Saturday, October 06, 2007

Beyond Differences Documentary

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5 comments:

Owen said...

Interesting. It was encouraging that nobody seemed to have excessively ambitious expectations. As the gent with the red polo shirt put it, this was a group of people who met and got to know each other. In the long run I suspect it's that sort of low-key initiative that eventually bears fruit.

I was rather horrified to hear the comparison that people who come and go might be regarded as sort of tourists. Would the ?Australian have said that if he was talking about returnees to R. Srpska?

And on a very trivial note - do supermarkets in Prishtina really provide armchairs for their customers? Is this too good to be true?!

WARchild said...

1) One common theme, coming especially from the Serb side, is how big the prejudice is. It is shocking that the expectations are so low. What did they expect to find, monkeys roaming the streets?
For me the big challenges now are the Serbs from Gracanica and Mitrovica, not some hip young Serbs from Belgrade.

2) Calling Serb refugees tourists is insensitive at best.

3) I am not sure about the armchair. Though some of them are as good as anywhere else in the Balkans.

Owen said...

Sorry, I wasn't referring to expectations of Kosova/Prishtina, I meant expectations for the project.

Are there any attempts to bring the local communities together? That sort of project rarely has any headline-grabbing outcome but makes a difference in ordinary people's lives. It doesn't t change the memory of "what my former neighbour did to me" but a breath of real experience tempers the sort of fantasy expectation you criticise. I suppose it would have been too dangerous five years ago. Is it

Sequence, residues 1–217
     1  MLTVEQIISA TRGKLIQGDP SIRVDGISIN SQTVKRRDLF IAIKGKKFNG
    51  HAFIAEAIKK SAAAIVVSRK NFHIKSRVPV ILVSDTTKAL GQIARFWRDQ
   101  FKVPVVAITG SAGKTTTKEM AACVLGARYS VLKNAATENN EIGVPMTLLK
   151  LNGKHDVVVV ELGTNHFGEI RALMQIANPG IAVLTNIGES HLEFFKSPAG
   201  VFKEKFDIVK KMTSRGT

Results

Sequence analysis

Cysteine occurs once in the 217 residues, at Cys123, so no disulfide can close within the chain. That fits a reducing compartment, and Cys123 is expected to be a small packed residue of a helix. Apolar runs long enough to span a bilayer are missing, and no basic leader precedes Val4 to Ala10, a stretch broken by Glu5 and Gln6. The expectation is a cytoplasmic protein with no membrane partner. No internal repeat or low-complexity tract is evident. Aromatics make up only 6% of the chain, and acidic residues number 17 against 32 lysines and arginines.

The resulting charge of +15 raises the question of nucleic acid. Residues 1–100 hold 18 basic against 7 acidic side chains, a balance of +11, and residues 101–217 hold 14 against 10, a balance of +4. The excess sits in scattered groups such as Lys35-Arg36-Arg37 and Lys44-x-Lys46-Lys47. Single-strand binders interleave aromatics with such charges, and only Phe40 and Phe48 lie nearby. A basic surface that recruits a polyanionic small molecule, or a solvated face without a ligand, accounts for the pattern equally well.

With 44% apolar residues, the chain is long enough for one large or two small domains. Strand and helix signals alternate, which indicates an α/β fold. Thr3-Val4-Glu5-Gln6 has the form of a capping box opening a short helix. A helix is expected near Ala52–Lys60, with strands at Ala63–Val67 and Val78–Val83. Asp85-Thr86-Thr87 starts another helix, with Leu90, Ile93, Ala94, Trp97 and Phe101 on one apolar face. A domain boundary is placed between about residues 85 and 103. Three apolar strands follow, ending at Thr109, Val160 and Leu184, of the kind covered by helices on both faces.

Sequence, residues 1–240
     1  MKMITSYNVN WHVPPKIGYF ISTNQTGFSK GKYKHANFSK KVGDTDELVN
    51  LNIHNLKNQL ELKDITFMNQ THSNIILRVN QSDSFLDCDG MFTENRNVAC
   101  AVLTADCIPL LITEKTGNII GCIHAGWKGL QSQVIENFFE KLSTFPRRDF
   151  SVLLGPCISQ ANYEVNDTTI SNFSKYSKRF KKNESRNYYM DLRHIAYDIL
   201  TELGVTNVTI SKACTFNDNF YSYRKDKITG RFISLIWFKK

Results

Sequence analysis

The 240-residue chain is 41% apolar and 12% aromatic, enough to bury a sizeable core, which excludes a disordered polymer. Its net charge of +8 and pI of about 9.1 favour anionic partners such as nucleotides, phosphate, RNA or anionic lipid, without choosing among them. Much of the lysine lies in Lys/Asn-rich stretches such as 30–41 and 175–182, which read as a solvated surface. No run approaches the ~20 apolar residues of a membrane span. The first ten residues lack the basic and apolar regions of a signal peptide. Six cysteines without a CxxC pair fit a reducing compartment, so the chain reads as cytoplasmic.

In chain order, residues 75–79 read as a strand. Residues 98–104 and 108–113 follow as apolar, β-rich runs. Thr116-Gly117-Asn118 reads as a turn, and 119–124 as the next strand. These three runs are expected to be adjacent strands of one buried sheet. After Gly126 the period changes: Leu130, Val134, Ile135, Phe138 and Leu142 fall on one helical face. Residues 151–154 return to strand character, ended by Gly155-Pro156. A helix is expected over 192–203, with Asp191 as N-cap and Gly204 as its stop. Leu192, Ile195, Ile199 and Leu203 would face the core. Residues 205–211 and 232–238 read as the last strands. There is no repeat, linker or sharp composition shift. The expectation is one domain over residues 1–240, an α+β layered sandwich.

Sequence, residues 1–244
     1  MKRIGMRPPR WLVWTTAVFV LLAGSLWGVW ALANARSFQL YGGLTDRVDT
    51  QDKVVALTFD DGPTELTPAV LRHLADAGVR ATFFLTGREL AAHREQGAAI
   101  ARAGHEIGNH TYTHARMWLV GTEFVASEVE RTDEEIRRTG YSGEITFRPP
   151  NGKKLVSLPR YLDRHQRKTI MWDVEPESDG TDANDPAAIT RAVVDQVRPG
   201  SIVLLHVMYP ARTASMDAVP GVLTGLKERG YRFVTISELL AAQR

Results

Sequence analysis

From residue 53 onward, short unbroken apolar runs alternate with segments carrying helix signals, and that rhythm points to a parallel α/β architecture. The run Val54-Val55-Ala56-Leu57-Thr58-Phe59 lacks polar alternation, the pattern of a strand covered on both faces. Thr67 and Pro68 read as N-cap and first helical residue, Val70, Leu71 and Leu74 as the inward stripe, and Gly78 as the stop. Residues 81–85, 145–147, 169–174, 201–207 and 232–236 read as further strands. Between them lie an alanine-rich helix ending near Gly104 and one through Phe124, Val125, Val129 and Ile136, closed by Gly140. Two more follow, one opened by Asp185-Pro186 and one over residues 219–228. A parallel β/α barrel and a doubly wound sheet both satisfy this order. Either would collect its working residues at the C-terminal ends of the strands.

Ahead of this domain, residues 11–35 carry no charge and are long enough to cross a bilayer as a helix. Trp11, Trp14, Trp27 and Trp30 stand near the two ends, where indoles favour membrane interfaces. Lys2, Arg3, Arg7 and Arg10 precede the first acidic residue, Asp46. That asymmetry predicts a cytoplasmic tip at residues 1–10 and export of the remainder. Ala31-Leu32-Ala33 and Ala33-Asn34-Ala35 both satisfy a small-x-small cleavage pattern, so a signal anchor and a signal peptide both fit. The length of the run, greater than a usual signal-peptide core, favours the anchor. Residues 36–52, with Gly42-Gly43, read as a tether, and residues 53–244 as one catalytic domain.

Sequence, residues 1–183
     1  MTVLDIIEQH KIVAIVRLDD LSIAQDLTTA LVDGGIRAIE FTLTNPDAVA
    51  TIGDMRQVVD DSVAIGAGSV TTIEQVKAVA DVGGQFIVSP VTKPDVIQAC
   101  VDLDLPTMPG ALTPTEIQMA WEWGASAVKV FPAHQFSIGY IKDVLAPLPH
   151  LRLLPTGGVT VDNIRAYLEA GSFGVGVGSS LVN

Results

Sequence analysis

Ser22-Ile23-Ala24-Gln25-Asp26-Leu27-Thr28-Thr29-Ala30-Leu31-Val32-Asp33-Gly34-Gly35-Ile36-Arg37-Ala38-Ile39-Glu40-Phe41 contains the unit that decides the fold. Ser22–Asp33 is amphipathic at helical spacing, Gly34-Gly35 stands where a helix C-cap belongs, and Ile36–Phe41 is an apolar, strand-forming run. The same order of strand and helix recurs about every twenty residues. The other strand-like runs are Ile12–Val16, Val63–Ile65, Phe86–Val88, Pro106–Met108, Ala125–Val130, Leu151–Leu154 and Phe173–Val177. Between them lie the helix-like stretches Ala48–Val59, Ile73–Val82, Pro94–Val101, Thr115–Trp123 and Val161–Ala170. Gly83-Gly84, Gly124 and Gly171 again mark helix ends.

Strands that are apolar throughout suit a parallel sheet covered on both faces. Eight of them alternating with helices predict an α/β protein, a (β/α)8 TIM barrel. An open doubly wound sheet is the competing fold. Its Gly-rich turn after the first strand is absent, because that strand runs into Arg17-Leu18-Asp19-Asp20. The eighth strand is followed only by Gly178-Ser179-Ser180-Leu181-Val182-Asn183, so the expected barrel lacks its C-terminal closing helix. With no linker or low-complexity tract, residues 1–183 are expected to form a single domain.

any more feasible now?

The comfy looking armchair at the end of the aisle seemed to suggest Prishtina might consider promoting itself to the grey euro (unless the supermarket simply had a special offer on furniture).

WARchild said...

Gjilan region is the bright spot, Owen.

Drenica and Dukagjin regions have been badly hit so I don't think there is much hope there.

I believe that more can be done in returns in and around Prishtina and in Prizren.

Rahovec is segregated for no apparent reason. It's a case of Serb inertia and a little bit of Orthodox church's negative role.

On the Serb side, I don't think Serbs in Gracanica and Mitrovica have reasons to integrate. They get paid by Belgrade and are expected to pay it back by proving that integration doesn't work.

We should only look at the criminals for proof that Serbs and Albanians can work and live together. If they can do it, why not the rest of us?

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